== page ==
Netflix, Precision, and Stories

We think in terms of stories and analogies. We were born to do it. In SapiensYuval Noah Harari argues that our penchant for telling and believing in stories is the “mysterious glue” that allowed humans to cooperate and dominate the world.

While stories may encourage cooperation, they can sometimes blind us to reason. Daniel Kahneman illustrates how stories can breed fallacies in Thinking: Fast and Slow.

He describes an experiment involving a fictional woman named Linda. In the experiment, Kahneman and his partner Amos Tversky described Linda as a young, single, outspoken, brilliant philosophy major “concerned with issues of discrimination and social justice, [who] also participated in antinuclear demonstrations.”

They then asked people which was more probable:

(1) “Linda is a bank teller.”

(2) “Linda is a bank teller and active in the feminist movement.”

They found that “85% to 90% of undergraduates at several major universities chose the second option, contrary to logic.”

We can be so willing to take a narrative, form a mental picture, and categorize things that we set aside reason.

The same thing can happen when discussing businesses, and few companies are as well discussed as Netflix. In a recent appearance, CNBC guest David Trainer argues that Netflix’s valuation is “disconnected from fundamentals.” He claims that that investors “seem to be unbelievably gullible these days,” and that Netflix is a “story stock.” Trainer mentions profit margins and multiples to suggest that Netflix is hugely overvalued, and explains that investors are falling victim to a false narrative.

But which is the false narrative? Although Trainer derides Netflix as a “story stock,” isn’t he constructing his own story here? He seems to apply a standard valuation framework, compares Netflix to other content creators like Disney, and posits that it’s “a tough business to be in”. He asks, “can you name any businesses in the history of the world that have consistently [sic] created profitable new content?” The framing of that question sounds suspiciously close to a story.

The problem with this way of thinking is that some businesses have predictable economics and some have highly uncertain economics.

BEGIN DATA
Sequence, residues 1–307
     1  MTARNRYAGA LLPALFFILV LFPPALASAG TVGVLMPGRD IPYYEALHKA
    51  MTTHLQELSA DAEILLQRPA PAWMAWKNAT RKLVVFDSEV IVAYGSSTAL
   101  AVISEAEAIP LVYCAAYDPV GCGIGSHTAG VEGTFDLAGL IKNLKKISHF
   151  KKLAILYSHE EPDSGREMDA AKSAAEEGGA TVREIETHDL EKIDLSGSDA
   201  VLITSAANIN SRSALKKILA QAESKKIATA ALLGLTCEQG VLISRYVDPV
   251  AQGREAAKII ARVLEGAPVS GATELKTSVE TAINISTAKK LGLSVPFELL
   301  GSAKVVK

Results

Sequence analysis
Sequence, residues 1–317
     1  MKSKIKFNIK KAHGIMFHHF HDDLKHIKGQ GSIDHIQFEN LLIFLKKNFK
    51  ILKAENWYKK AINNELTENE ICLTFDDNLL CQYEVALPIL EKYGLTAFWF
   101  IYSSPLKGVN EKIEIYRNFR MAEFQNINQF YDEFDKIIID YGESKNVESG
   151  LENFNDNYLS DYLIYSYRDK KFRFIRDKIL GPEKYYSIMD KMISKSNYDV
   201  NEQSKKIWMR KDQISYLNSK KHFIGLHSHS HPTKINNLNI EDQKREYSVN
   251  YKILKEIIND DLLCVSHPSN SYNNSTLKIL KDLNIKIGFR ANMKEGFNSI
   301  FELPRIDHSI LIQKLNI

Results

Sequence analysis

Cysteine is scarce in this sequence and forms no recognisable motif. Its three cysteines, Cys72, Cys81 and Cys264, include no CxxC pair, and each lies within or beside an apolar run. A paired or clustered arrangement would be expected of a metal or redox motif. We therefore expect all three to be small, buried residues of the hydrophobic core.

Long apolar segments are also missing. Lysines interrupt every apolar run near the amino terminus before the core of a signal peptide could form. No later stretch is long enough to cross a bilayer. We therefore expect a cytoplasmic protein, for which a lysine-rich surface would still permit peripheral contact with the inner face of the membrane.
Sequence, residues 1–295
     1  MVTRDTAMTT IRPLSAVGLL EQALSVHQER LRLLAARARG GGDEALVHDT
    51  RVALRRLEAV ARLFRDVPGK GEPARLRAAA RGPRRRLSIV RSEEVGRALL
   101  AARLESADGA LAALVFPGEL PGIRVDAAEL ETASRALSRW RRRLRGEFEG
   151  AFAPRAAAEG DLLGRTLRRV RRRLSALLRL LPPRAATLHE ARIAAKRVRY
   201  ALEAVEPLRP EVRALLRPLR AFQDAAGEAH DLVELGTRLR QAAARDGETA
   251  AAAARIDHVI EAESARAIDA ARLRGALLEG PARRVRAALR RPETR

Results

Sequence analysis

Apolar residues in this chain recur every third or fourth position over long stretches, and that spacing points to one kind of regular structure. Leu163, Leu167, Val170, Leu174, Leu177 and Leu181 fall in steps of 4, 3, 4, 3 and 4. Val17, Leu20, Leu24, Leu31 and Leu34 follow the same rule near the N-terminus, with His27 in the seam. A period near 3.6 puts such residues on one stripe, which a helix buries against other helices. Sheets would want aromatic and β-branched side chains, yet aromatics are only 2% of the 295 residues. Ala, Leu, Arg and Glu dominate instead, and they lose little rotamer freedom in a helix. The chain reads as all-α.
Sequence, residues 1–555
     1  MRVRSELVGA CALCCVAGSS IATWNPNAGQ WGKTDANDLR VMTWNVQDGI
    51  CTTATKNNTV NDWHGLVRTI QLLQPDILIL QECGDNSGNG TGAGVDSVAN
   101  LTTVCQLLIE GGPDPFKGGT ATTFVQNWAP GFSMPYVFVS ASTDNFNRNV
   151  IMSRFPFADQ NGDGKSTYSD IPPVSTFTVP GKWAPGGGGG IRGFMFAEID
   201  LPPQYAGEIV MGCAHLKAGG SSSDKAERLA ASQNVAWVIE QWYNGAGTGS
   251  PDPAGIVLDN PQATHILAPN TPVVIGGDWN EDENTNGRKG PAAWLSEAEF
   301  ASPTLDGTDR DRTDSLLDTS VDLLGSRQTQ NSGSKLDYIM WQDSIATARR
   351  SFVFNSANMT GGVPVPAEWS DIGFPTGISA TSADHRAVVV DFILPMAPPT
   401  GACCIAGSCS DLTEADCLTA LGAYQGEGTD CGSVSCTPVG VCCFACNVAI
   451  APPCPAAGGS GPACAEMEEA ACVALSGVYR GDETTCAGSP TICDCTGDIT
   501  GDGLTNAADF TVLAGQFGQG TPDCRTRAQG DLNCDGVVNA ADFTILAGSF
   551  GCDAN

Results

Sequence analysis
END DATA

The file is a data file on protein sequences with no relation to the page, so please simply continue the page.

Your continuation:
In an electric utility, for example, we can be somewhat confident in forecasting future cash flows. We might look at population trends, trends in energy consumption, and the utility’s cost per watt. The industry is highly regulated, so utilities have limited ability to increase margins. Given those constraints, if we try to place a value on XYZ Utility, maybe we’ll say it’s worth $1 billion, or maybe it’s worth $1.2 billion, but it’s definitely not worth $10 billion. With this type of business, we could use multiples or industry comparables and feel pretty good about our estimate of value. It’s a fairly predictable story.

With a business like Netflix, the future is incredibly uncertain. We do not know what its programming content will cost in ten years or how much pricing power it will have. We don’t know what its innovations will be. Trying to use a quantitative approach like discounted cash flow or even comparables to value this type of business is fraught with danger.

So why might Trainer be wrong? Why might the market think Netflix is worth $60 billion?

Consider what the business is, who runs it, and what it could be in ten years. The company is building a massive stream of recurring revenue with sticky subscribers. It has an innovative team. We can see the trends in cable vs. streaming, and we can imagine a future in which Netflix could raise prices without losing many subscribers. A business with almost no need for physical capital has the potential to send additional revenue directly to the bottom line. Netflix might not live up to lofty expectations, but there is something real here. Maybe investors aren’t just being “gullible.”

Sometimes, using a valuation formula or comparables can be dangerous. To quote Seth Klarman, “Any attempt to value businesses with precision will yield values that are precisely inaccurate.” We should be skeptical of any stock that has a sky-high valuation, but we should also be skeptical of valuing a business by formula or by analogy. Valuing a business like Netflix is like looking through fog. If you’re looking through fog for land on the horizon, don’t use a magnifying glass.

Disclosure: I do not currently own shares in Netflix.